HistoryThis section has been translated automatically.
de Beurmann, Gougerot and Vaucher, 1909; Ota, 1926
General definitionThis section has been translated automatically.
Human pathogenic yeast fungus (shoot). Spread as saprophyte and contaminant in water, soil and food (fruit). Very strong ability to assimilate to a variety of different substrates. Occasionally used in sewage treatment plants for waste water treatment. Spread often through infected clothing.
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Occurrence/EpidemiologyThis section has been translated automatically.
Worldwide spread. Often found near humans or in animal warm-blooded animals.
Clinical pictureThis section has been translated automatically.
- Soft, slimy, easily detachable, white-green to slightly brownish knots, especially on the pubic and beard hairs which surround the hair shaft. More rarely, capillitium, eyebrows and eyelashes are affected. The hairs break easily in the area of the knots; the distal ends of the fractures appear distended. No infestation of the surrounding integument. Typical picture of Trichomycosis nodularis ( white piedra).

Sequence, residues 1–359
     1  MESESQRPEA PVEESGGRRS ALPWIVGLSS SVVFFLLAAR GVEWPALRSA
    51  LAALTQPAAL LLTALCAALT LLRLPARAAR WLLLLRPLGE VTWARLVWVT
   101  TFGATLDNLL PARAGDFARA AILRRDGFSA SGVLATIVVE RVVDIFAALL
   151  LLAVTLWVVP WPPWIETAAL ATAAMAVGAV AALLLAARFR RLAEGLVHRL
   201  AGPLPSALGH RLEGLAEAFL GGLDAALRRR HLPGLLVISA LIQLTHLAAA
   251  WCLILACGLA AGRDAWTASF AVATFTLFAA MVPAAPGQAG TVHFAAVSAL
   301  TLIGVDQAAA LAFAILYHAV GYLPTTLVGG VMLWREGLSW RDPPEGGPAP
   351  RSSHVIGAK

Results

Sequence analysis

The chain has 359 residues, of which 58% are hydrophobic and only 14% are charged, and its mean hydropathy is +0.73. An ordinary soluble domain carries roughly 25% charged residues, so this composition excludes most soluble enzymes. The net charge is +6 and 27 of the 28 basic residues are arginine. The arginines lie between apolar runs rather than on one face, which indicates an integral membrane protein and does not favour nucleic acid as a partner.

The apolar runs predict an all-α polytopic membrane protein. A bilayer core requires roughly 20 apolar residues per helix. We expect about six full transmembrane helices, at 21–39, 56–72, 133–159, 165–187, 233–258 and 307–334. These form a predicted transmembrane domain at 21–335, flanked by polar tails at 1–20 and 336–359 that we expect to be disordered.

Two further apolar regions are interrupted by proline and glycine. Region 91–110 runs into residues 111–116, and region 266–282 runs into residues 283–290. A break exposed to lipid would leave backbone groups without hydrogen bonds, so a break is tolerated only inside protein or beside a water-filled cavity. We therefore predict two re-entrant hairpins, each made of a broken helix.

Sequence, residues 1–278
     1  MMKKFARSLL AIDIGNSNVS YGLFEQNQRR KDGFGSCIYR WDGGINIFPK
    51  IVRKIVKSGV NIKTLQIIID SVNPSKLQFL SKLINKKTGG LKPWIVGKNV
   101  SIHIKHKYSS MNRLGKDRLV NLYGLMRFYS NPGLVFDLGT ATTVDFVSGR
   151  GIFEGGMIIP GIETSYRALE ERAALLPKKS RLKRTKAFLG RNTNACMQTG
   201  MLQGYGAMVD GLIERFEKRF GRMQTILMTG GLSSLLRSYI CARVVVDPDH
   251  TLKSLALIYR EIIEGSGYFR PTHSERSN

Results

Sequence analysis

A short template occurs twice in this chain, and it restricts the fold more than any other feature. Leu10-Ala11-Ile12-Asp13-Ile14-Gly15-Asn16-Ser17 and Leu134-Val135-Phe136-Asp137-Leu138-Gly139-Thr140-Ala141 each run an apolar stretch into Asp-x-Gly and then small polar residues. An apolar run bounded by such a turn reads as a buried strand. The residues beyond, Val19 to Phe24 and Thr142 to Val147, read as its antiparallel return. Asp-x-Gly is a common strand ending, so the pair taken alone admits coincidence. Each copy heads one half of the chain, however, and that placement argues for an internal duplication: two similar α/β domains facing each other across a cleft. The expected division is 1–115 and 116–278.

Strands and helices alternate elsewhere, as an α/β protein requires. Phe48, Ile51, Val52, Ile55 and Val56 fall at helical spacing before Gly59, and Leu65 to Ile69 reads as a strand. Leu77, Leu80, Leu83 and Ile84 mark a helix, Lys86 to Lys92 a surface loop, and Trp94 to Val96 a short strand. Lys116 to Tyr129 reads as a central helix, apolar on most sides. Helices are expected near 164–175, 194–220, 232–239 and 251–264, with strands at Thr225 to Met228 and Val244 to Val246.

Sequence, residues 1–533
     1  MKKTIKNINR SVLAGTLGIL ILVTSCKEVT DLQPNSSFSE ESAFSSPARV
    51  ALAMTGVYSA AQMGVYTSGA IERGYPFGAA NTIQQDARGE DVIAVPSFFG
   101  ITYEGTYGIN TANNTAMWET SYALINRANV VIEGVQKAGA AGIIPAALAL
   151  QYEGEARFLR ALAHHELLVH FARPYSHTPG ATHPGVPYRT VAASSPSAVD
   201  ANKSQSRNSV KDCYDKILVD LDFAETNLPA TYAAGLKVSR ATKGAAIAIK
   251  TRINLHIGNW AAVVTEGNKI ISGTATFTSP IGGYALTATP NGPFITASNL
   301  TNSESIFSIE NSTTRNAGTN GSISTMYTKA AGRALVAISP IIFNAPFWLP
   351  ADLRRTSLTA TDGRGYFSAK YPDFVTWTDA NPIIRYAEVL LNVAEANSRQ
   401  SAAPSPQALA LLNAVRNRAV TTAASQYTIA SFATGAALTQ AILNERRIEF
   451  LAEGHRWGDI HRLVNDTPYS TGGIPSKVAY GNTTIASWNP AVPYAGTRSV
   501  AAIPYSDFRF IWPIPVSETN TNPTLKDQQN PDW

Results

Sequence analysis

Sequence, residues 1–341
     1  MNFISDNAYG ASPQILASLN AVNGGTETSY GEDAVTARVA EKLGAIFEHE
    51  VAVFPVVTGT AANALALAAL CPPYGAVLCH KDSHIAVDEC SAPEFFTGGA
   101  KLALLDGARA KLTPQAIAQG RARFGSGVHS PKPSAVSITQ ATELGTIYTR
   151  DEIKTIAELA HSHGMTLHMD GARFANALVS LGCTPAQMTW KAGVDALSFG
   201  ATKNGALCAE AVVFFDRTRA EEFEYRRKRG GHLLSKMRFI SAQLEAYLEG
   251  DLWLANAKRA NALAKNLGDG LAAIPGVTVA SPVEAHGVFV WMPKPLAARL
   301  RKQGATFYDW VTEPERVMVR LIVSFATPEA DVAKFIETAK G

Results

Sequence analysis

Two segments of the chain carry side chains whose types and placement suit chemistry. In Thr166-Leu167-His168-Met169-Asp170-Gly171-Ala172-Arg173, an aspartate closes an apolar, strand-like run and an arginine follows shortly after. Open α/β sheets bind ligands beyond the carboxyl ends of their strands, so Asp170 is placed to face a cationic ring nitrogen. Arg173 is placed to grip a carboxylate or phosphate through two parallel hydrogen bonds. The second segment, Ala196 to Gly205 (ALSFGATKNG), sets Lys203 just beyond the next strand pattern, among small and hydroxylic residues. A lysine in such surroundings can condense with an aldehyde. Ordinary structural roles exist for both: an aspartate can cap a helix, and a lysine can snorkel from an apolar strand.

- Frequent infestation of finger and toe nails in mixed infections together with dermatophytes. S.u. Tinea unguium.
MicroscopyThis section has been translated automatically.
- Mycelium and pseudomycelium: Often disintegrated into angular arthrospores and blastospores, length: 2-8 μm; width: 2-4 μm.
- Blastospores: Mostly arranged in chains, may be missing in older cultures.
- Hyphae and pseudohyphae: Well developed, numerous, strongly septated (mostly barrel-shaped pores in the septum).
- Unicellular, multiform blastoconidia.
LiteratureThis section has been translated automatically.
- Chang SE et al (2003) A case of Trichosporon cutaneum folliculitis and septicaemia. Clin Exp Dermatol 28: 37-38
- Gokahmetoglu S et al (2002) Case reports. Isolation of two Trichosporon cutaneum strains from urine. Mycoses 45: 132-134
- Mayser P et al (1996) Fungi of the Trichosporon genus. Identification, epidemiology and significance of dermatologic disease pictures. Dermatologist 47: 913-920
- Nakagawa T et al (2000) Trichosporon cutaneum (Trichosporon asahii) infection mimicking hand eczema in a patient with leukemia. J Am Acad Dermatol 42: 929-931
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